I was listening to the news this weekend to an article on how the government wanted to increase the co-operation and systems integration between multiple government agencies, including health care, social care, police, local government and education. This was slightly reiterated this morning by the Mayor of London saying how he was working hard to get the London agencies working more closely together. Sadly, the catalyst for all this seems to have been knife crime.
Joining together all of the disparate systems used by all these agencies is not a technical problem. Yes, the full integration and interoperation of these systems is complex and due attention needs to be taken not only if the different interfaces and protocols in use, but also the differences in the way records are stored and the fields needed to identify them.
The first of these really just needs the cooperation of the system manufacturers to enable their systems to share all the information within them. The second is more complex as there can be many ways to identify the person to whom the record relates. The NHS uses the NHS number, others use the National Insurance number, still more use their own identifier. Therefore, something like a look-up table to link the various identifiers is required. But how do we check that the person with Identifier X is the same as the person with Identifier Y? Sometimes we have to resort to checking, names and addresses – all very well if they are presented the same way, for example I am known as both Mike and Michael; I move a lot so addresses may be inaccurate and I have seen my current address written three different ways on postcode look up systems. This all assumes that the name, address, etc has been typed in without spelling errors.
Then we have the issue of who owns the data and there are usually three contenders: the agency; the system manufacturer and the person to whom the data relates. Well most records in theory are owned by the person to whom they relate, with multiple exceptions that give the agency concerned the right to withhold access to them. The systems manufacturer has least right to the data, but they can disrupt sharing by highlighting the tremendous work and therefore cost that they would, apparently, incur to enable the data to be transferred to other systems.
I have had personal experience of working with a MASH (Multi-Agency Shared Hub), set up to prevent harm to children and vulnerable adults. Considering the importance of the issue and the political willingness to protect children, the lack of willingness of most agencies to share data with other government agencies is quite amazing. Much of this seems to relate to a combination of distrust, security concerns, job protection and a “why should I?” attitude.
However, the good news is that there is a growing political willingness for the UK to enjoy joined up government - there are references to this term from the 1970s and still we seem to be lacking the sowing machine. Actually, we are not – we are lacking the seamstress, the cabinet minister that has the charisma to say: “do it!” and who will not accept the inevitable excuses. We are due to have a new Prime Minister at the end of this month. Let’s hope!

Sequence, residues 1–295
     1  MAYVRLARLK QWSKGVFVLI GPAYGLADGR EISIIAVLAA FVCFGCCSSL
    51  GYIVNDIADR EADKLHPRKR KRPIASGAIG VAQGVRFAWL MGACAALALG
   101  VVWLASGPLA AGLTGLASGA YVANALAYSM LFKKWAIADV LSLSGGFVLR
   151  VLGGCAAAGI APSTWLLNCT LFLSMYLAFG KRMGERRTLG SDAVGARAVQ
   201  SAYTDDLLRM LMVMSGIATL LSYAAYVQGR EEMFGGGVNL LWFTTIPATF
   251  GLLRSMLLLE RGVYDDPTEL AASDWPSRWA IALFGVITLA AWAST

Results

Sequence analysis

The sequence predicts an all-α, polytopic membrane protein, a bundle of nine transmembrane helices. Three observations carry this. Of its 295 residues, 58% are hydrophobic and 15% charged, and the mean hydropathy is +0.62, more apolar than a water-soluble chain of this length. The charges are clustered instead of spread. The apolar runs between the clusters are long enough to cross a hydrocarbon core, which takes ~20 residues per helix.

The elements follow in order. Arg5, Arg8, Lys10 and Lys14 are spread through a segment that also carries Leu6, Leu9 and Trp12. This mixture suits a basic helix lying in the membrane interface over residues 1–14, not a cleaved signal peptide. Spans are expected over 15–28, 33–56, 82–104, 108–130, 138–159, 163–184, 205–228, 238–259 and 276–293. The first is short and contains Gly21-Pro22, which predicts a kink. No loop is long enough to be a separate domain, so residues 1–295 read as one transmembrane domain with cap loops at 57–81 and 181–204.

A few years ago, there was an attempt to introduce national identity cards, which would have used a single identifier that could have been used to link all the systems together. One of the reasons stated was that it could be the start of a slippery slope towards the loss of privacy. Clearly many of those who protested happily share every minute of their lives on social networking, but they do have a point.
Patient Confidentiality is a cornerstone of the relationship between the clinician and the patient. If the patient thinks that information provided in confidence to his or her GP is likely to be shared with criminal justice, security services or even insurance providers, would they be so open? If the answer could be “no” then diagnostic accuracy would reduce and the time required for a GP to find out the full picture would seriously extend. Over 80% of us trust our GP, this cannot be said for any other government (or pseudo government) agency. It is paramount that this trust is not eroded: it is already challenged by increased waiting times and operational cost cutting.
There are times when It would be essential for the police to understand some of the things that are held in patient records, but access must be challenged at each request to ensure that there is really justification. We have an independent judiciary that could arbitrate here, as they effectively do now, but we must have iron-clad systematic controls to prevent abuse.
So maybe the key to record sharing is back to who owns and controls the information. Technically the patient or citizen owns his or her health and social care record, if that individual could decide who saw what and when, maybe the problems would be minimised. Could it possible for someone to go via a web browser and grant access to elements of their records to other agencies or individuals (including carers and care homes)?
Would you be surprised to hear that the answer is technically yes (with development), politically …. we’ll see.
Mike Morris, July 2019
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